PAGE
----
Suddenly in Charge: Managing Up, Managing Down, Succeeding All Around

Suddenly in Charge Managing Up Managing Down Succeeding All Around As companies reorganize and reengineer thousands of people are finding themselves tossed into management every day You may go to bed as a member of the team and wake up to find yourself suddenly in c

  • Title: Suddenly in Charge: Managing Up, Managing Down, Succeeding All Around
  • Author: Roberta Chinsky Matuson Alan Weiss
  • ISBN: null
  • Page: 176
  • Format: Kindle Edition
  • As companies reorganize and reengineer, thousands of people are finding themselves tossed into management every day You may go to bed as a member of the team and wake up to find yourself suddenly in charge, says Matuson The key to success is managing effectively both up and down the line of the organization And Suddenly in Charge provides this unique approach with twoAs companies reorganize and reengineer, thousands of people are finding themselves tossed into management every day You may go to bed as a member of the team and wake up to find yourself suddenly in charge, says Matuson The key to success is managing effectively both up and down the line of the organization And Suddenly in Charge provides this unique approach with two books in one read it one direction and you ll find all the tips and tools you need to manage down and establish credibility with your team flip the book over and you ll find success strategies for managing up, the key to managing your reputation and your career With a foreword by Alan Weiss, bestselling author of Million Dollar Consulting, this handy little book is a must have resource to help the new manager truly succeed from day one.

    One thought on “Suddenly in Charge: Managing Up, Managing Down, Succeeding All Around”

    1. At first I was going to give it 3.5, but then I realized it was a very quick read, easy to understand, and had a lot of good nuggets in it to apply real life into do's and don'ts. I read the managing down section first and wasn't going to read the managing up, but then as I started into it to glance and determine if I should read it, I realized it had a lot of helpful tips. Some apply and some don't, but even reading about having a bad boss gives some insight about how not to be a bad boss! All [...]

    2. I was just changing jobs (not necessarily to lead a team, but it is a step up), so I thought I'd give this a read as preparation.The good part is that the book is short and easy to read and has the added bonus of giving you information on managing up (ie managing your bosses) and managing down (ie managing any staff under you. The stuff in there is pretty common sense.The biggest negative is that all of the info feels like it's drawn only from the author's personal experience or a couple of othe [...]

    3. This book had some good tips on managing up and down, but some of the dated examples (for a book published in 2011 it mentioned MySpace one time too many time) and confusing change of pronouns (just stick to either all hes or all shes per chapter! Changing in the middle of example or chapter was just annoying) made it not the most enjoyable to read. Also, I really disliked the chapter on managing generations. "Here's a stereotypical description to show you the typical kind of worker for each gen [...]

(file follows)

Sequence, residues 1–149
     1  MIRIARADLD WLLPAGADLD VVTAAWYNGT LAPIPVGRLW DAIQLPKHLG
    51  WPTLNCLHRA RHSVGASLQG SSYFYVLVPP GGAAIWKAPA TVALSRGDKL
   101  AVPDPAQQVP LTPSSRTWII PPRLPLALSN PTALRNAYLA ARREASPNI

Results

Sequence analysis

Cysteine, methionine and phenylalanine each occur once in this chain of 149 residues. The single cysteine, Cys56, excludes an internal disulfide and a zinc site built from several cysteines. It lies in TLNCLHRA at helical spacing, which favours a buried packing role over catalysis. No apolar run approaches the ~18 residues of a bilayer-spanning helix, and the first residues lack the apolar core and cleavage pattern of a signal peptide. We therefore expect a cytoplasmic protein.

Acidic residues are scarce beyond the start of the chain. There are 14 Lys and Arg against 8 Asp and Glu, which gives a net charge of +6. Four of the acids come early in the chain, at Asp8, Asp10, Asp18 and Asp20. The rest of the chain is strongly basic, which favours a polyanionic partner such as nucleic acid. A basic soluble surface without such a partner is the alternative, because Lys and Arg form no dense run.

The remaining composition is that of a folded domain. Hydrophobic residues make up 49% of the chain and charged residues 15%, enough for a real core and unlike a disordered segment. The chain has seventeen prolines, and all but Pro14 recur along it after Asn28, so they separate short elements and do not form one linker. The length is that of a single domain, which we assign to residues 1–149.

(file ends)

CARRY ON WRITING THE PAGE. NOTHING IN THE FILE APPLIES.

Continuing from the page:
4. This book is clear and concise, which I really value. It's a good, simple overview that lays out best practices for managing both your direct reports and your boss to get the most out of your career. I especially appreciated the chapter that explain how to tell when/if something is going terribly wrong. The author puts a strong emphasis on open, honest communication.

    5. I was assigned this book to read in preparation for a management training session at work. I think it's useful. There's a lot of common sense stuff in here, but if you've been dropped into management without training, I can see how it would be really valuable. (i.e. This would have been more useful to me a few years ago.)

    6. The best part of this book is how clear and simple the writing style is. I've read similar stuff before, in much thicker and more complex books. I really liked how compact and to the point this book is, I recommend it for anyone who wants a quick and valuable read on managing up and/or down.

    7. I found the half about managing up to be a lot more helpful than the half about managing down. I'm a low level manager and I think the managing down part would be more helpful to a middle level manager.

    8. I really liked this book. I read it for a leadership class, but it was a very interesting read. If you work for someone or have people who you supervise then this is a good book for you to read. I have already recommended it many times and had several people read it too.

    9. 4.5 stars. This book is great for anyone thrust into leading a situation (corporate or otherwise) to create confidence in managing up or down. The part on managing up will be the part most interesting to a general management reader.

    10. Generally good advice, but somewhat patronizing. I read it with an eye to recommending it to new managers, but seems a bit too basic.

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